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A Fresh Foreign Policy Vision Is Vital in Brexit Britain

Since 1945, Britain has successfully charted a deliberate, principled path on the world stage, helping to deliver, through NATO, the longest period of peace in Europe in living memory.

Image Courtesy of Creative Commons, © 2016

Beyond defence and security, Britain has led the world in drafting binding UN resolutions to slow climate change, helped eradicate global health threats such as Ebola, and doggedly protected the role of international development aid from populist attacks. Whilst recognising recent landmark foreign policy shortcomings, namely 2003’s botched invasion of Iraq and the abject lack of post-war planning in Libya in 2011, Britain can be proud of its reputation as a trusted defender of global peace and advocate of sustainable prosperity.

Before Brexit, two entrenched dynamics conditioned British foreign policy: an enduringly special relationship with the United States and a semi-detached, sometimes fraught connection to the European Union. 2016 saw both steadfast pillars of Britain’s foreign policy world rattled.

Indeed, the eruption of Brexit and US President Donald Trump’s capricious rise, combined with the malevolence of Russian President Vladimir Putin and the sprawling ambitions of Chinese President Xi Jinping, continue to represent an ominous challenge to the UK, and the wider international order.

Just as Britain must be clear-eyed and unhindered to meet this multi-faceted challenge, civil service bandwidth is being monopolised by the challenge of untangling the Gordian knot of Brexit. The fractious nature of Brexit negotiations has also strained relations with EU member states, threatening to undermine European willingness to respond to the UK’s internal idiosyncrasies. The maelstrom of Brexit has seen the Foreign Office’s traditional responsibilities diced and spun-off to spread the load. Trade relations now rest with a separate Secretary of State, and the Government’s European policy is manifestly run by the Department for Exiting the EU.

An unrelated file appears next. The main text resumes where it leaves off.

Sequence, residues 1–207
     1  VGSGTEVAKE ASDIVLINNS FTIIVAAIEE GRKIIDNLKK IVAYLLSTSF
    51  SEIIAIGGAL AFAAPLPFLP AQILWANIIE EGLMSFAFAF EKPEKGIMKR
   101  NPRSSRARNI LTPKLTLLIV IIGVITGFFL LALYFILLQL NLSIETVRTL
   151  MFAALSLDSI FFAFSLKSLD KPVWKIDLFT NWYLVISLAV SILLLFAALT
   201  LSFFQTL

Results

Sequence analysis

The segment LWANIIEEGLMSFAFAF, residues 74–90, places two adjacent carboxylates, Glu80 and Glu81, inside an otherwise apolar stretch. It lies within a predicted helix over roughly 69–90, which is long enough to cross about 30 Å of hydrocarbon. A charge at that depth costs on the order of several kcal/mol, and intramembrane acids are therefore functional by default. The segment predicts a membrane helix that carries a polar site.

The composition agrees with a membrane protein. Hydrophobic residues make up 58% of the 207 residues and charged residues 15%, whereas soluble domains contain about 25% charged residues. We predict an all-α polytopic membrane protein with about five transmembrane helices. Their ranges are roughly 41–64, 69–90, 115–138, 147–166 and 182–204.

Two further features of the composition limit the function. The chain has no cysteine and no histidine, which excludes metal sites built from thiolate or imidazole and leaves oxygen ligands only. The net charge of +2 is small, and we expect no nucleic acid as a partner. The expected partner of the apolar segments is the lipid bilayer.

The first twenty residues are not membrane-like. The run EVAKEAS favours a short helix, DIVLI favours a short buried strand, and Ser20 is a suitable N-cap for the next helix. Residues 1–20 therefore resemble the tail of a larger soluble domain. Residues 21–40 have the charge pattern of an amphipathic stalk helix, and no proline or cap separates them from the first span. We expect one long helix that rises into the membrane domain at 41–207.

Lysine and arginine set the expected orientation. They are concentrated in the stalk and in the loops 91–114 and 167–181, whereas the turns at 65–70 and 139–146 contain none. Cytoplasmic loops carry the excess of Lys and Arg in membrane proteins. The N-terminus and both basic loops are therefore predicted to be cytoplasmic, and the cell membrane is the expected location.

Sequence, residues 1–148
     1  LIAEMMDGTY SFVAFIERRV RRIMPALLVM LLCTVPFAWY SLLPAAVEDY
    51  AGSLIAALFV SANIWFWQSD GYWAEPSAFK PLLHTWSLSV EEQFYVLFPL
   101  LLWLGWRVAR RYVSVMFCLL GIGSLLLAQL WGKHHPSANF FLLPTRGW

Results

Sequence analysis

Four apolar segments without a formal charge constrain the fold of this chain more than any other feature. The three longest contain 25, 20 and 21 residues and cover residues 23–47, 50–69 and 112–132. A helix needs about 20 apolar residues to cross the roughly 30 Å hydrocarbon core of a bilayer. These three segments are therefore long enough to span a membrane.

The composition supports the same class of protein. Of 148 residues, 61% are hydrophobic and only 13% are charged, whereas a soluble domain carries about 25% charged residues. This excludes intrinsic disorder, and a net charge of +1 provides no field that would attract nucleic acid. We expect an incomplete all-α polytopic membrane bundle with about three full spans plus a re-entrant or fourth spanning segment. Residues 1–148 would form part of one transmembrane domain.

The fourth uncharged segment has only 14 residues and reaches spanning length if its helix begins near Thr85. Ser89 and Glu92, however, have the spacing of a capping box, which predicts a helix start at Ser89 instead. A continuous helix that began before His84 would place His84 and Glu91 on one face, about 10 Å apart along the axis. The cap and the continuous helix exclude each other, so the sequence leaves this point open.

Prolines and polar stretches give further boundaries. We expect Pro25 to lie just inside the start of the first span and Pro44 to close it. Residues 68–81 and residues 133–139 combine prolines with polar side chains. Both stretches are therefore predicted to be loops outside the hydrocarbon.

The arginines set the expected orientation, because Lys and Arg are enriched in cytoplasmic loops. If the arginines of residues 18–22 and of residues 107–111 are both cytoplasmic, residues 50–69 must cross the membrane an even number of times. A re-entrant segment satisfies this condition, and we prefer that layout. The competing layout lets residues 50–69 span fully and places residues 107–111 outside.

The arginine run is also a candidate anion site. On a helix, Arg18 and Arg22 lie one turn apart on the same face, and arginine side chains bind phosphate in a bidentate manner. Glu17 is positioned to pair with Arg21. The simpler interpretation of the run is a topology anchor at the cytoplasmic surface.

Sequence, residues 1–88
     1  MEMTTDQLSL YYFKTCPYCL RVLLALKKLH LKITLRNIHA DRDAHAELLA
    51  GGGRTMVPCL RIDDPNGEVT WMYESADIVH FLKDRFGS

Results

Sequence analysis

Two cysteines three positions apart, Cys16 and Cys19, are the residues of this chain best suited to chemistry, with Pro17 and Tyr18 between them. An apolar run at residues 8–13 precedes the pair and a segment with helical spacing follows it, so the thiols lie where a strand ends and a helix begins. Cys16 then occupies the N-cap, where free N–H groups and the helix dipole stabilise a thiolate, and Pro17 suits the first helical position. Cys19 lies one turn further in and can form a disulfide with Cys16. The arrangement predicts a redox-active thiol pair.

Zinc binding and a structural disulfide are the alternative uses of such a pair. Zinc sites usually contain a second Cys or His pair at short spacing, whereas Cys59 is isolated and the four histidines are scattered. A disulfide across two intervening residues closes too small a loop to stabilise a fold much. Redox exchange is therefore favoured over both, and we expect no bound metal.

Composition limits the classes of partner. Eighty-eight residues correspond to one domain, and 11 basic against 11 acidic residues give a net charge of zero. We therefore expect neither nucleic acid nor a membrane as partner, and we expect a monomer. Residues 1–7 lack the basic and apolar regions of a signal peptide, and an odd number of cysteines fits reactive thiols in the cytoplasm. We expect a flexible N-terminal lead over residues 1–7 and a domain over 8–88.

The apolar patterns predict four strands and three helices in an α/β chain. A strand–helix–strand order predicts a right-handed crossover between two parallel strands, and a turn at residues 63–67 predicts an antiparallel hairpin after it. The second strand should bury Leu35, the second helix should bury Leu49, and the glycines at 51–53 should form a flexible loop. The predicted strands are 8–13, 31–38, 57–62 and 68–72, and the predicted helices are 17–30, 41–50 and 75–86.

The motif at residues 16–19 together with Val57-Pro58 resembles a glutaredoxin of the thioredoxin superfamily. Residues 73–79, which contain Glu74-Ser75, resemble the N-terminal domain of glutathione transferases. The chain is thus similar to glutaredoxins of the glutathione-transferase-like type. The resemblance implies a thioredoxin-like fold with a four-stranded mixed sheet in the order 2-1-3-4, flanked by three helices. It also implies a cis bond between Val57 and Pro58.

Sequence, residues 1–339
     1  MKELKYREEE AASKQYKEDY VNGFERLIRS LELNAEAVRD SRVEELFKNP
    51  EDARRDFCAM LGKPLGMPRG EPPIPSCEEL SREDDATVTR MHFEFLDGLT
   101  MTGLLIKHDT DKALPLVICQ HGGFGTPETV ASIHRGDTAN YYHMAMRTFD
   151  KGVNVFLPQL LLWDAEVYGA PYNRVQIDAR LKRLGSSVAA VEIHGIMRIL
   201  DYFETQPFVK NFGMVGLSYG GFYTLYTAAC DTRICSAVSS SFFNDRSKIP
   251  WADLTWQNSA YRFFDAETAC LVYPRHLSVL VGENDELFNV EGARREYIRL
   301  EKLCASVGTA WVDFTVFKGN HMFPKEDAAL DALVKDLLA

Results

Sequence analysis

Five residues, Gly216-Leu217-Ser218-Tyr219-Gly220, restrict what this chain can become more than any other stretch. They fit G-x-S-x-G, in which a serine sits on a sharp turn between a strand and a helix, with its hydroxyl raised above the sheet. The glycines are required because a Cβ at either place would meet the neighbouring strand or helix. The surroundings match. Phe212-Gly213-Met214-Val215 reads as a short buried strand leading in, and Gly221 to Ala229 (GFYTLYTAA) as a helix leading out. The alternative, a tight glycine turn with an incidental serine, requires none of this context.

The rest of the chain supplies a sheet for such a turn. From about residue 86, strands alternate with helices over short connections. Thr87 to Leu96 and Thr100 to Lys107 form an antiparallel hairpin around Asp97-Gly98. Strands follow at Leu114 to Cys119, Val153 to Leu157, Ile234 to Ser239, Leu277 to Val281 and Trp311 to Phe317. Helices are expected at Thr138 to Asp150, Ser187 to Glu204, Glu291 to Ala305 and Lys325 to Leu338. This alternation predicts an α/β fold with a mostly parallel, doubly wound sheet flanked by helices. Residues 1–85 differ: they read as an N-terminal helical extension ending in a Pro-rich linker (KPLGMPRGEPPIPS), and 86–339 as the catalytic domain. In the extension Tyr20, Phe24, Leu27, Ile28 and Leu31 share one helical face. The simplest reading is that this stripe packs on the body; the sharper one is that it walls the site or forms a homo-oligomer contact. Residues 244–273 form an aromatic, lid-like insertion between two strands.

Under former Foreign Secretary Boris Johnson, the UK sought to rebut accusations of international withdrawal by recasting the UK as “Global Britain”. However, the uneven, sometimes inflammatory words and actions which characterised Johnson’s two years in office have dented Britain’s global standing. Johnson’s approach, coupled with the exhausting challenge of deciphering Brexit, has rendered the UK close to non-existent in foreign policy terms since 24th June 2016.

The recent appointment of former Health Secretary Jeremy Hunt to replace Johnson could signal a more consistent, results-orientated approach, but his lack of international experience does not augur exceptionally well. From the Sergei Skripal poisoning case to US-fermented NATO disagreement, Hunt has a weighty inbox of real and present dangers to tackle before wrenching the UK back into the leading pack to truly challenge Putin, Trump and Jinping. Hunt of course deserves time and will, at the very least, rebuild bridges charred by Johnson.